Read More
Pollinator-Conference-NC State

December 9, 2015

Pollinator Gardens Are On The Rise, Provide Opportuniti…

Thanks to the Million Pollinator Garden Challenge, enacted in June 2015 by the National Pollinator Garden Network, scores of new pollinator gardens to be planted over the next year and beyond will provide growers with ample opportunities to produce, promote and sell plants that are ideal for pollinator forage and health. And with research underway within the industry, we’ll soon have more knowledge about which plants are the most beneficial and attractive to pollinators. At Bayer’s Bee Care Center, the level of consumer engagement and interest in planting pollinator gardens is very high, Bayer’s Sarah Myers says. Bayer now has 73 local and industry partners and counting in its “Feed A Bee Campaign,” launched in March. Educating consumers about what they can plant to attract bees, and the impact they can have with even the smallest amount of space, is highly important, Myers says. It’s worth explaining to them that […]

Read More
foodscaping at epcot - Foodscaping Goes Big At Disney

December 9, 2015

Foodscaping Challenges Conventional Ideas About Landsca…

Conventional ideas about what a landscape should look like are being challenged left and right, from young homeowners like Sarah Baker of Baker’s Acres, who are standing up for their right not to mow their lawns, to Brie Arthur’s passion to start a movement to incorporate food with flowers throughout suburban and urban landscapes nationwide. As younger generations step up as consumers and industry leaders, these changes are likely to continue, and the horticulture industry, which has the most to gain, would be remiss not to embrace and influence them. Well known for her personal foodscape, which she has promoted across social media, and her annual tomato-tasting fundraising event benefiting the nearby J.C. Raulston Arboretum in Raleigh, N.C., Brie Arthur has also been working with schools and her local Homeowner Association (HOA) to challenge the traditional idea of the landscape to one that incorporates the growing of food with mainstream, […]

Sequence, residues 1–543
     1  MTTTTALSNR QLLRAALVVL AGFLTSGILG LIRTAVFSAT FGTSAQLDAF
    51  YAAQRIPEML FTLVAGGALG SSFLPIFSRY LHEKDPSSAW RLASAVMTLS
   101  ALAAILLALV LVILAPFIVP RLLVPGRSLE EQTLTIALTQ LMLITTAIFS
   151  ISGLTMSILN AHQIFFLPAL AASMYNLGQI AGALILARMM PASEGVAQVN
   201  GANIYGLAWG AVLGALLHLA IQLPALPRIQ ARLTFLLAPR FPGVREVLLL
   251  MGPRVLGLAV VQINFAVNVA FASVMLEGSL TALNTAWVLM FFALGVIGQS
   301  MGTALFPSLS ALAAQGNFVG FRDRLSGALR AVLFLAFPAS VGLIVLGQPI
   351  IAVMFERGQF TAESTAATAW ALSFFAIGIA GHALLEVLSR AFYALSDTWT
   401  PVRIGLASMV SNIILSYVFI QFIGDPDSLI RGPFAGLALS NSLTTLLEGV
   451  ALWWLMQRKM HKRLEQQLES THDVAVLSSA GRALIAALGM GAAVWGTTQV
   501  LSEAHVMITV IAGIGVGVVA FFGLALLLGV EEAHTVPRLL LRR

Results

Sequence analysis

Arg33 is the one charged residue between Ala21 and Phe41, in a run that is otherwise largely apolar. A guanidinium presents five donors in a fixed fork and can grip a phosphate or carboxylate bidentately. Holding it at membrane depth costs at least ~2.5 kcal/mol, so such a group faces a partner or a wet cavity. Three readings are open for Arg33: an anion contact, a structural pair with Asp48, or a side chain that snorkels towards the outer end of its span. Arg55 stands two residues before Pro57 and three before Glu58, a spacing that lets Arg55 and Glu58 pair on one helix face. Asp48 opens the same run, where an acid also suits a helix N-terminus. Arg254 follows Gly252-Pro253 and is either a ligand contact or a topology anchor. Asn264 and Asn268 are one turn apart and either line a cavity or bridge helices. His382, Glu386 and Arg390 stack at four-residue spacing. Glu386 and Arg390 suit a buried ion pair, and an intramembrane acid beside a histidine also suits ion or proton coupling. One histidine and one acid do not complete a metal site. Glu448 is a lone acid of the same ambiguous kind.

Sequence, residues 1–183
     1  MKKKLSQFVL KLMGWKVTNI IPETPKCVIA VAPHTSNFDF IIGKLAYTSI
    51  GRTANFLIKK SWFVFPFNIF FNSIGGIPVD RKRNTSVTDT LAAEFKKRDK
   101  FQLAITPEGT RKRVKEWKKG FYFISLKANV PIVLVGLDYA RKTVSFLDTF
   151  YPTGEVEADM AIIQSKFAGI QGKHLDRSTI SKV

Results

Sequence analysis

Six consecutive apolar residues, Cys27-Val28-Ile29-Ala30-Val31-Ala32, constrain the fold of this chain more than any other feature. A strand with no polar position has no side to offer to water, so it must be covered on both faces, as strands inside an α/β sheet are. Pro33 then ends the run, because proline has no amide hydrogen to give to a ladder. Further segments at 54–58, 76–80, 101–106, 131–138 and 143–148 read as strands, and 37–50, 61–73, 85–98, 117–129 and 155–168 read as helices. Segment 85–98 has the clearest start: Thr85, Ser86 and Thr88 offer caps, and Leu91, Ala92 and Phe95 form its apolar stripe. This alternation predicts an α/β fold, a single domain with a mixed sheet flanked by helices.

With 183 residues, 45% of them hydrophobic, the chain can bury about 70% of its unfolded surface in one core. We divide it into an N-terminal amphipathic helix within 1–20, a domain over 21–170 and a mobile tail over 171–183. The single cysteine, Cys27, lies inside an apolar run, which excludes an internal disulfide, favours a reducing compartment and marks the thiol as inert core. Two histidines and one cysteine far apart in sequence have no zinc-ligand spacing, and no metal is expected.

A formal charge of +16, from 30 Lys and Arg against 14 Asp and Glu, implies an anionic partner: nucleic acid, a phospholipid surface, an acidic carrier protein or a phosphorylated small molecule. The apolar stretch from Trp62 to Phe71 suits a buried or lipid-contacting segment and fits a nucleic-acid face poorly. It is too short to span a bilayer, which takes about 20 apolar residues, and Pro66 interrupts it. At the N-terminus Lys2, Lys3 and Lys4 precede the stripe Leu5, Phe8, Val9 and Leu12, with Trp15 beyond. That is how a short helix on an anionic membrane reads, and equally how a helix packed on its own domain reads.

Read More
[gravityform id="35" title="false" description="false"]